I have a brain tumor – can I get a refund on my non-refundable ticket?


When Sam Baker’s case crossed my desk, I instinctively jumped to the same conclusion many of you will. He should have bought travel insurance. He should have booked a refundable ticket.

Right, of course. In hindsight, who wouldn’t?

But then I remembered a recent email I’d received from an airline publicist, scolding me for even suggesting his company might consider refunding a non-refundable ticket. And it occurred to me that his airline — really, every airline — is not solely in the transportation business.

Elliott Advocacy is underwritten by Southwest Airlines. The mission of Southwest Airlines is dedication to the highest quality of Customer Service delivered with a sense of warmth, friendliness, individual pride, and Company Spirit. We are committed to provide our Employees a stable work environment with equal opportunity for learning and personal growth.

It’s in the people business.

People like Baker, who had a ticket from Seattle to Frankfurt, Germany, on Condor Airlines to attend a wedding.

“I was recently diagnosed with a brain tumor that will require surgery,” he told me. “I will be having awake craniotomy brain surgery, followed by extended treatment throughout the summer and perhaps longer, making it impossible for me to travel to Frankfurt.”

Baker asked Condor to consider a one-time refund.

Forget it, the airline said.

“Unfortunately we can only offer you a cancellation according our terms and conditions,” a representative responded by email.

Either Baker could cancel and get a full refund of $110 he paid in taxes and fees, or he could pay a $78 change fee and rebook within a year of his initial reservation.

“I will have significant medical bills in the coming months,” says Baker, adding that neither of these options were viable.

I’m no brain surgeon, but here’s what I know about awake craniotomies. They’re difficult, complicated procedures that only the most skilled doctors dare to perform. Usually, they’re used to remove tumors close to functional areas of the brain. My point being, Baker’s condition is serious. He’s not asking for a refund because he has the sniffles or feels like staying home.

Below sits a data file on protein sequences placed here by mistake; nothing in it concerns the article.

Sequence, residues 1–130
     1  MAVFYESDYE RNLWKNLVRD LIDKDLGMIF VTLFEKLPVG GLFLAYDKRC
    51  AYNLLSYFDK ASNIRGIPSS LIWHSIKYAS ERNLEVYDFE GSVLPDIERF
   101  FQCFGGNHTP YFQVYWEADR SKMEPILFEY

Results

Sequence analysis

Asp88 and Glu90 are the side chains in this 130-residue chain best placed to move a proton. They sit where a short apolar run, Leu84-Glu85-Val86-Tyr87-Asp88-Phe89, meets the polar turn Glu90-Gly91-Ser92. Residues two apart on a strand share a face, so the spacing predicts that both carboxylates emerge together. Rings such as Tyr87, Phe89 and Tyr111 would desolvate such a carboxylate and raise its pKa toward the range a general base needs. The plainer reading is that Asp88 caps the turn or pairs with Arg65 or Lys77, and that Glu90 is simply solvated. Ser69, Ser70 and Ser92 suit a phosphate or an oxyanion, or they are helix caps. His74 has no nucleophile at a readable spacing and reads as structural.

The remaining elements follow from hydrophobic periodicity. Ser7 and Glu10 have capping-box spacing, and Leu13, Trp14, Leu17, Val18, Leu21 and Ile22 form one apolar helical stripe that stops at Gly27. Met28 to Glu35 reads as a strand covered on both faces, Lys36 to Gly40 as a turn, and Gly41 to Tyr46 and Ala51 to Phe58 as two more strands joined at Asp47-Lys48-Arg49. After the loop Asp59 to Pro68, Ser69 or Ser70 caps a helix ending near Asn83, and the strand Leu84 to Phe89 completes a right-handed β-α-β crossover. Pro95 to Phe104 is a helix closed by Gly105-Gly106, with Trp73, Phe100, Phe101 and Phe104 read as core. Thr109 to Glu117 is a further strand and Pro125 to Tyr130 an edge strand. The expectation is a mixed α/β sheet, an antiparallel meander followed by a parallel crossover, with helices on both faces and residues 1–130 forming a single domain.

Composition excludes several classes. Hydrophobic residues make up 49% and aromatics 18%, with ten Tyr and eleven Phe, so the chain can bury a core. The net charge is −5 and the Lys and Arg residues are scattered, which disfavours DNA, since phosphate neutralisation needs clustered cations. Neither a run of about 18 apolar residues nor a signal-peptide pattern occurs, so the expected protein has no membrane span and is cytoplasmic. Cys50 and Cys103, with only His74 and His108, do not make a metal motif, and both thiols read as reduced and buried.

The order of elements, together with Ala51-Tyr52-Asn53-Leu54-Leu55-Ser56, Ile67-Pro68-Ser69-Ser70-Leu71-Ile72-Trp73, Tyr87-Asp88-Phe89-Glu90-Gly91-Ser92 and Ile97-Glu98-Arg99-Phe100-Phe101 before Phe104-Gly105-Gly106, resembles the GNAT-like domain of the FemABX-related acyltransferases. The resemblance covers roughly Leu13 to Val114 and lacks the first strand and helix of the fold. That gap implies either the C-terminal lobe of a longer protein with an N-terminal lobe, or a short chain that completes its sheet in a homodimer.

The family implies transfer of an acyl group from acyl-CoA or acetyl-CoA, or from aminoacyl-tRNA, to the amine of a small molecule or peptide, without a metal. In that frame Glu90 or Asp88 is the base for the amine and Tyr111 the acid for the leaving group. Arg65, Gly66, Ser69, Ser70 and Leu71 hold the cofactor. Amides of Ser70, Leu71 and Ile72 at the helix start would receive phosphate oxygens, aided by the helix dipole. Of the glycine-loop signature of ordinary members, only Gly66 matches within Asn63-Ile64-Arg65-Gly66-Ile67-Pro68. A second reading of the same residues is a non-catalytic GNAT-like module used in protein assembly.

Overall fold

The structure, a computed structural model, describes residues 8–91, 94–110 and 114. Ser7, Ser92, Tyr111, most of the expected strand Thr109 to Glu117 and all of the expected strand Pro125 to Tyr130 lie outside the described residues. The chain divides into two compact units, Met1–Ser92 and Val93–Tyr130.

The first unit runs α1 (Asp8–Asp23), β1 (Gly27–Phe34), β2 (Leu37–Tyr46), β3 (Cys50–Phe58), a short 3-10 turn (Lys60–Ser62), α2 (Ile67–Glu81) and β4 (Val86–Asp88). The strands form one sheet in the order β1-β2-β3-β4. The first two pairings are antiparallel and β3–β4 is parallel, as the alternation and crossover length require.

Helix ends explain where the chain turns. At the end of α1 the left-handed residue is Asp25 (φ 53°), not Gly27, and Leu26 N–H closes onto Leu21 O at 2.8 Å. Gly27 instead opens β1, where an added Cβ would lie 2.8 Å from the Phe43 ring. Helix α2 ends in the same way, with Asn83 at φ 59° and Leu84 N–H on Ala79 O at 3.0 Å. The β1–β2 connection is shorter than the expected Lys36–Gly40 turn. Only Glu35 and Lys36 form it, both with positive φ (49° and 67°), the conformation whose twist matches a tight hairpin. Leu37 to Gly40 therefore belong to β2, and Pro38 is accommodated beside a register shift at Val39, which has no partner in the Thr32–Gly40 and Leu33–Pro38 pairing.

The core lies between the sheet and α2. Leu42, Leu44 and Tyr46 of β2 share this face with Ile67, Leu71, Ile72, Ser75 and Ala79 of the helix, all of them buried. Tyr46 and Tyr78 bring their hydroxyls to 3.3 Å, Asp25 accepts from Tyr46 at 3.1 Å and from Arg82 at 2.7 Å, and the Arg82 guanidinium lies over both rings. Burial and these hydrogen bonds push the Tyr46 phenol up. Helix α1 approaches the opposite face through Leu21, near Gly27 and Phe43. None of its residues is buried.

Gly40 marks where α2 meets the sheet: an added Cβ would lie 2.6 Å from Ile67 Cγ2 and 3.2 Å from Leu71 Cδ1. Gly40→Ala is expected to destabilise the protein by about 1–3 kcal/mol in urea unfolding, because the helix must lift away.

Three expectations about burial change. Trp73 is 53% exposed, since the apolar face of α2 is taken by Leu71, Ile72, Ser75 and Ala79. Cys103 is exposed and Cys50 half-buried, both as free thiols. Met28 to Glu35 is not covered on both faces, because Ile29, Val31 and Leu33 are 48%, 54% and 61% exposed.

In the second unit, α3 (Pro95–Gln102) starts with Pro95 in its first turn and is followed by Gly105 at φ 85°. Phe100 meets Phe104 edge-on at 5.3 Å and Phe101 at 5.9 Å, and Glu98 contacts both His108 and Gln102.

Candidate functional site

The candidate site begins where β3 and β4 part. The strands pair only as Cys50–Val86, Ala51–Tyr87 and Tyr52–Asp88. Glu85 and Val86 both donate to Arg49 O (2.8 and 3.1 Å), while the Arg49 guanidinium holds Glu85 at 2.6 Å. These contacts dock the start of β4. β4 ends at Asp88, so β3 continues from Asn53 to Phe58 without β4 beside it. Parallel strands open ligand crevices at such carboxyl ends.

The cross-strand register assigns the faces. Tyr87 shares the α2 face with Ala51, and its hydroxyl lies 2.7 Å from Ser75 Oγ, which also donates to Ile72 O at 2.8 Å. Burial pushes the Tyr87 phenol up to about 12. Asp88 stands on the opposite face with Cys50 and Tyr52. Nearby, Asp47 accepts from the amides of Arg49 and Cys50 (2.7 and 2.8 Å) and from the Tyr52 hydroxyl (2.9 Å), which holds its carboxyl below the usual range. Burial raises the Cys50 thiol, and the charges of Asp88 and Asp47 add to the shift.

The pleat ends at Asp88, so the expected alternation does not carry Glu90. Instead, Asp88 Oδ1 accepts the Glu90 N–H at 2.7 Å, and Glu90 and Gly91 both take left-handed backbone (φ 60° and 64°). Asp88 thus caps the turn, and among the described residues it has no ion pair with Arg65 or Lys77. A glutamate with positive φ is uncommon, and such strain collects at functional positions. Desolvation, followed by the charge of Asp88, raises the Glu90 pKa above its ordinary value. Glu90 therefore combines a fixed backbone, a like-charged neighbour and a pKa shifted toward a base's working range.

Of course I contacted Condor on Baker’s behalf. Like you even have to ask.

But that’s not the question. What I want to know is this: Last year I said I wouldn’t mediate cases where passengers were asking for refunds on non-refundable tickets.

I might have been too hasty.

We’ve had some animated discussions in the last week about nonrefundable airfares. Here’s the story that kicked it off.

I think you can take a hard line when you’re dealing with cargo, but these are people. Airlines routinely pull the “people” card — successfully, I might add — when their flight attendants are late or their pilots get sick. The most we can hope for is a refund when our flights are canceled because of these unforeseen events.

Yet when something truly serious happens, like a brain tumor, airlines are quick to tell us that our tickets are completely non-refundable. Sorry–rules are rules!

Now mind you, I’m coming at this from the perspective of an advocate, not as an airline revenue manager. But even if I were an airline insider, I’d know that in years past, refunds were given more liberally and airlines understood that life sometimes just happens.

The airline industry’s “no waivers, no favors” policy may have boosted profits, but what has it done for passengers?

Condor refunded Baker $1,292, his full fare.

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